The Girl Next Door

The dream of every high school male is to meet a porn star. And with the mainstreaming of pornography over the past few years, it was inevitable that a movie about such a subject would be made. Think of The Girl Next Door as a remake of Risky Business, just not as good in pretty much every single way. This is the typical teenage romantic comedy with some extra doses of sex, yet not enough to bring it to the level of American Pie and its ilk. However, it is not as funny as the latter film. The Girl Next Door is more along the lines of the teenage romantic comedy, with its predictability and shallowness. Morality issues aside, this film is just not that interesting and not that funny. Its stars, Emile Hirsch and Elisha Cuthbert has a nice chemistry and are both individually appealing, but that is about all.

Hirsch (The Emperor's Club, The Dangerous Lives of Altar Boys) is Matthew Kidman, frazzled senior, nervous about a speech he needs to nail for a scholarship to Georgetown. Although Hirsch looks good, Matthew is a social outcast. He's Senior Class President, and hangs out with other nerds Klitz (Paul Dano, The Emperor's Club, L.I.E.) and Eli (Chris Marquette, Freddy Vs. Jason, The Tic Code). This all changes when the incredibly hot Danielle (Cuthbert, Love, Actually, Old School) moves in next door. One of his first glimpses of Danielle is through his window, while she undresses in her bedroom. She notices him, comes over, and the two hit it off well. Danielle is the opposite of Matthew, and encourages him to loosen up and have fun. Eli then realizes that she is a porn star, which changes the entire dynamic. Things take a turn for the worse when her manager Kelly (Timothy Olyphant, A Man Apart, Dreamcatcher) arrives.

The conflict in The Girl Next Door is between Kelly and Matthew, for Danielle. To Kelly, Danielle is a piece of meat that he sells off to sleazy producers to make money. Matthew believes that Danielle is better than this, and that she doesn't need to be in porn. It's very noble, and what draws Danielle to Matthew. This tug-of-war escalates until Matthew and company head to Las Vegas to an Adult Video Expo to try to win Danielle back. It sounds a lot more prurient than it actually is, although the film is a walking billboard for Vivid Video and Wicked Pictures, two actual companies. Their stars pop up in unbilled cameos and their logos adorn hats and poster that are conveniently in the background.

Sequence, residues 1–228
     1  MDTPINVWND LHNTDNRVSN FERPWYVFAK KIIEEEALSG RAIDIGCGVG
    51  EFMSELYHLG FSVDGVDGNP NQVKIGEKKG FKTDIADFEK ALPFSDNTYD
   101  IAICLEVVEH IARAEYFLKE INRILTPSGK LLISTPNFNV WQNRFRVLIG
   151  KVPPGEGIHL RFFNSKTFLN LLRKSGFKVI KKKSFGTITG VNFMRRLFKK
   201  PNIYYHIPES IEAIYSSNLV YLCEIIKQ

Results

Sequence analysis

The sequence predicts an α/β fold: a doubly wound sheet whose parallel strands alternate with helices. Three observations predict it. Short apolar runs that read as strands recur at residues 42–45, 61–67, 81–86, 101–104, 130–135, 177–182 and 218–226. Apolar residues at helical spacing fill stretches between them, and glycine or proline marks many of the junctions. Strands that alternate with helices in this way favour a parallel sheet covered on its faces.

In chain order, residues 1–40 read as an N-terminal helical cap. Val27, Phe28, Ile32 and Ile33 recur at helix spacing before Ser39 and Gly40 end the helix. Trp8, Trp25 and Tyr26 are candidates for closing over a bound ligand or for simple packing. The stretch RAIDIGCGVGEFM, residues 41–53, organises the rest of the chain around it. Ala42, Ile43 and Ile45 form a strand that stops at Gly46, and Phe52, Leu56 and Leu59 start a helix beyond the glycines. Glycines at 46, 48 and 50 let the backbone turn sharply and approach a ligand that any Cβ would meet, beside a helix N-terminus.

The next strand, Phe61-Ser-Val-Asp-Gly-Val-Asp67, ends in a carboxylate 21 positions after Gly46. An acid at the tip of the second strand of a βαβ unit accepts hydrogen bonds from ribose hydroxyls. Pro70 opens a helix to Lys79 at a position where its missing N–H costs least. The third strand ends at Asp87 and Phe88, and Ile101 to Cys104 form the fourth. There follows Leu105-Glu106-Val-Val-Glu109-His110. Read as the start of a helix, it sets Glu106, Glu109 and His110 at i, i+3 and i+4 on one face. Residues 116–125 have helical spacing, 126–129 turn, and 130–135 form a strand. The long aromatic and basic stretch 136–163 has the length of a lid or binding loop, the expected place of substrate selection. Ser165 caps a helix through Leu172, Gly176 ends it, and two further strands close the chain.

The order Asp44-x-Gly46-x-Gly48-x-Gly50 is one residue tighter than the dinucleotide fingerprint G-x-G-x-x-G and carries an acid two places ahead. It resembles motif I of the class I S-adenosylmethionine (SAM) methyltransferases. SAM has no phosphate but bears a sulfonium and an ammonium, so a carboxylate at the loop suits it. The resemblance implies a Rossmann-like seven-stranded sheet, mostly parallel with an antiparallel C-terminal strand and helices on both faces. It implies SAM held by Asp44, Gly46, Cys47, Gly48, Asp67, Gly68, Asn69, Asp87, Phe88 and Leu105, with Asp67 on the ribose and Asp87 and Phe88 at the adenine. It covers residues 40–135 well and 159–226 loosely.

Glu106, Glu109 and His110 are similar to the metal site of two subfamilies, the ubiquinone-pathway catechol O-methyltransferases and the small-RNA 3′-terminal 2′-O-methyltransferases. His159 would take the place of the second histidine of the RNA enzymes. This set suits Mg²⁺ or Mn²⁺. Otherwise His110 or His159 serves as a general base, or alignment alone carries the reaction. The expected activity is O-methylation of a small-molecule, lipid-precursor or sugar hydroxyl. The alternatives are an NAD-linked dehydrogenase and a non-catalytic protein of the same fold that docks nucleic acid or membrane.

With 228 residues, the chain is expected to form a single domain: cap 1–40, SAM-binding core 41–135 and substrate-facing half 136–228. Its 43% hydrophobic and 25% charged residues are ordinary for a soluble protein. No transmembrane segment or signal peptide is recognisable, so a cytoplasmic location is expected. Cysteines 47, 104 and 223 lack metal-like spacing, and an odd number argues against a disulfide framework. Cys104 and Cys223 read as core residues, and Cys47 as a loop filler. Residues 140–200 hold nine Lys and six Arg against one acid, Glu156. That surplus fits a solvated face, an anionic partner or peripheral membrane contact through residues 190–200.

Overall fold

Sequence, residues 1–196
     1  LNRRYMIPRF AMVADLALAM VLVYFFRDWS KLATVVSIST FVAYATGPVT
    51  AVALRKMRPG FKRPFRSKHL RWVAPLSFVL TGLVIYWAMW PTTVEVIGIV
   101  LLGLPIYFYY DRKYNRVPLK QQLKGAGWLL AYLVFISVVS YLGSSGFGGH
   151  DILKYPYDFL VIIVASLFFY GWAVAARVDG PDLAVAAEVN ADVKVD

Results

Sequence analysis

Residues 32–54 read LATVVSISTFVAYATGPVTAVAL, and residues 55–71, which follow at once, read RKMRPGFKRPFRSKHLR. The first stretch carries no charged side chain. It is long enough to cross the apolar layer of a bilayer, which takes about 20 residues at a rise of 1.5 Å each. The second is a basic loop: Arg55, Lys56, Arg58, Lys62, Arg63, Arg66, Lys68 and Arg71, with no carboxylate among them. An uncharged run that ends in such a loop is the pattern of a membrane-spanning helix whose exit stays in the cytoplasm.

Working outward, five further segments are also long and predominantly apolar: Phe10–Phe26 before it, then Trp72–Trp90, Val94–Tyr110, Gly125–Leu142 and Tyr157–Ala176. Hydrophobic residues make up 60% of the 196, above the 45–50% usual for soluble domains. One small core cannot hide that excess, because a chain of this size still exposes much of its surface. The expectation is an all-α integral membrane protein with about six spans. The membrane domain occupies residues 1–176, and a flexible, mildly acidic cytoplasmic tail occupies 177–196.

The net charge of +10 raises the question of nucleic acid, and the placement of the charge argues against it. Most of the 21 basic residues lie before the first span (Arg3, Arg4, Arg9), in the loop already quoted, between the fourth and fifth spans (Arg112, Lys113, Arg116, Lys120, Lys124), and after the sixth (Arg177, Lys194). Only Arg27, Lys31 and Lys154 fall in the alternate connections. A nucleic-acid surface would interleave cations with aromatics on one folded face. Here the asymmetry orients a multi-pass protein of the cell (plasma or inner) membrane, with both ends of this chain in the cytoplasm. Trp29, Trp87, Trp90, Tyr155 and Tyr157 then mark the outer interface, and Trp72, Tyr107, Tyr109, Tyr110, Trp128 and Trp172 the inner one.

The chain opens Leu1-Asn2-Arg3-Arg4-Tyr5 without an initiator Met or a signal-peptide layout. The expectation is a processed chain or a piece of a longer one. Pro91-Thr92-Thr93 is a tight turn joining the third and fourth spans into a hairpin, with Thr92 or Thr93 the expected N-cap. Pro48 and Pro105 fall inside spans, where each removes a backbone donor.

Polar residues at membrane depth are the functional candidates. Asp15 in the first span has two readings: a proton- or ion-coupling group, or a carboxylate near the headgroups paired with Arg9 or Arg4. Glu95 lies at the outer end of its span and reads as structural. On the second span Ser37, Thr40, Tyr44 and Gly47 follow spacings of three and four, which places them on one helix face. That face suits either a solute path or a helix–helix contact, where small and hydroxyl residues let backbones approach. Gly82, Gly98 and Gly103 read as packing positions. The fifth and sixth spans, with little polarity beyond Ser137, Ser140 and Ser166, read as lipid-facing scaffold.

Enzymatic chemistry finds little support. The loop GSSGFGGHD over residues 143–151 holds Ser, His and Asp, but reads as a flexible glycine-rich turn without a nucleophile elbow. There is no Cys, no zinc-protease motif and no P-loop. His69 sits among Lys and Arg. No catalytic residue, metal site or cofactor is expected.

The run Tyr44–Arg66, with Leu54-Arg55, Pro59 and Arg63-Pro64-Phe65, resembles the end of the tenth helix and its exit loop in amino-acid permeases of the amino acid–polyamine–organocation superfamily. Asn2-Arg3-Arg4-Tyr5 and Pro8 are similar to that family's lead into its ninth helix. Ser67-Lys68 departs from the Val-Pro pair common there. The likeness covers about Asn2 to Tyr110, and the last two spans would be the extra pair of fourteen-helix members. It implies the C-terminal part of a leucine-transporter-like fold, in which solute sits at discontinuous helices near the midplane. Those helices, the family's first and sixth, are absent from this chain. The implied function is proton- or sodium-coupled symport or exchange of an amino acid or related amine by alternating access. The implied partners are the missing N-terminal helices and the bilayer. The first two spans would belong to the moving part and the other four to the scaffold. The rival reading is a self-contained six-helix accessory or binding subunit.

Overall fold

The Girl Next Door lapses because of it's script. David Wagner and Brent Goldberg (My Baby's Daddy, Van Wilder) and Stuart Blumberg (Keeping the Faith) write like they wish they were in Matthew's shoes. The script is full of holes and details that make the story fall apart. For somebody who is supposed to be really smart and with it, Matthew does some pretty stupid things, even taking into account the fact that he is in love. Characters do and say things that don't quite fit with the real world, but they do so only because this is a movie and the writers thought it would sound clever or funny. Worst of all, the motivations of the Kelly character make no sense. Why is he so stuck on keeping Danielle? It is just as easy for him to find new talent, especially as the writers and director Luke Greenfield (The Animal, The Right Hook) portray him. The Girl Next Door does have its amusing moments, but they occur too rarely to make a difference.

Haro Rates It: Not That Good.
1 hour, 49 minutes, Rated R for strong sexual content, language, and some drug/alcohol use.

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